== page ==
Namely, the Special Olympics, which will be held here for the third straight year in 2014; the Empire State Games in 1996, 2003, and 2010; the 1998 NCAA Track and Field nationals, and the Dalai Lama - who spoke in the stadium in 2006.

"I think having the World University Games housed here on campus institutionally raised our profile internationally. It may not have done a lot for us in Lockport, or Niagara Falls, or Springville, but clearly, it made UB recognized internationally as an international institution," Black said.

Back on the field in 1993, fans were hopeful that Team USA Baseball could be the first team since 1987 to knock off powerhouse Cuba, and they got that matchup in the semi-finals. But as expected, the Cubans were the strongest team at then Pilot Field, beating the Americans by a 7-2 count; and going on to win the gold medal.

What fans may remember most about the 1993 Cuban baseball team was a pair of defections. Famously, pitcher Eddie Oropesa jumped a wall at Sal Magglie Stadium during pregame warmups to escape to freedom. He went on to pitch four seasons in the major leagues, and currently works for the Dodgers as a mentor to rookie phenom Yasiel Puig.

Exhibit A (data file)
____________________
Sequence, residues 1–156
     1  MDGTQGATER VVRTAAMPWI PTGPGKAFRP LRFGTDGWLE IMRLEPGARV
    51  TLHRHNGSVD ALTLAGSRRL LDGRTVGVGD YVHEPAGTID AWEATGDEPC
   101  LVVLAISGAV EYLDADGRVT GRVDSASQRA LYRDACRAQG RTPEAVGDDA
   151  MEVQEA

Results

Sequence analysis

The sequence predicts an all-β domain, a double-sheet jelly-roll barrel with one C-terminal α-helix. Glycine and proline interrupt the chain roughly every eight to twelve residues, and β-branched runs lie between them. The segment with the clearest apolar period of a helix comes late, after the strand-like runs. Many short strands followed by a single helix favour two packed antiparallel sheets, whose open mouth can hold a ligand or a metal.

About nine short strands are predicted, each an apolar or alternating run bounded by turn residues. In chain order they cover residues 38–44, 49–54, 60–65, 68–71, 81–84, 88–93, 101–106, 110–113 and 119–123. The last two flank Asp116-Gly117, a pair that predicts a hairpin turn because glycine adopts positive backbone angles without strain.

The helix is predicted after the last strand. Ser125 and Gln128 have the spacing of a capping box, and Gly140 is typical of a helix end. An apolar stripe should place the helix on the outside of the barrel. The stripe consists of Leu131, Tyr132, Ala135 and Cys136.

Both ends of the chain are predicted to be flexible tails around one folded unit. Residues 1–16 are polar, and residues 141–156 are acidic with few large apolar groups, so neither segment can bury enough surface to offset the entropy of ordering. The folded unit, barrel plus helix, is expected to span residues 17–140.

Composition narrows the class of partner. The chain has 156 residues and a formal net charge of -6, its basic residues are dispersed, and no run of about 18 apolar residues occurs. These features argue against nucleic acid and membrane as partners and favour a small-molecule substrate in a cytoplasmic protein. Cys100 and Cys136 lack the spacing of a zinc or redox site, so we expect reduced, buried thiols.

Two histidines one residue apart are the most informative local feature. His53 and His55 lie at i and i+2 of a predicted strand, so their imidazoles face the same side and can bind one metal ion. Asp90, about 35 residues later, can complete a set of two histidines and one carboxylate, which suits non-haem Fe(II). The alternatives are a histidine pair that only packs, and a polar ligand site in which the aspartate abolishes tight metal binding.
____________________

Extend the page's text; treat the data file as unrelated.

The other defection from these games is well known to Mets fans. Rey Ordonez was on the Cuban team, and also left abruptly - moving on to a career where he won three gold gloves in the Big Apple.

Rochester: The Legacy Of The '93 World University Games
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"Outside of our pro teams and what they have accomplished, this has to be the number one attraction that ever came to Buffalo," said Ralph Galanti, the former athletic director at Erie Community College.

It was an event that began with great fanfare. More than 70,000 fans packed then-Rich Stadium to welcome 6,400 athletes from 136 different countries, competing in 12 sports. Highlighted with performances by Kenny Rogers and Natalie Cole, it was the place to be in Western New York on July 8, 1993.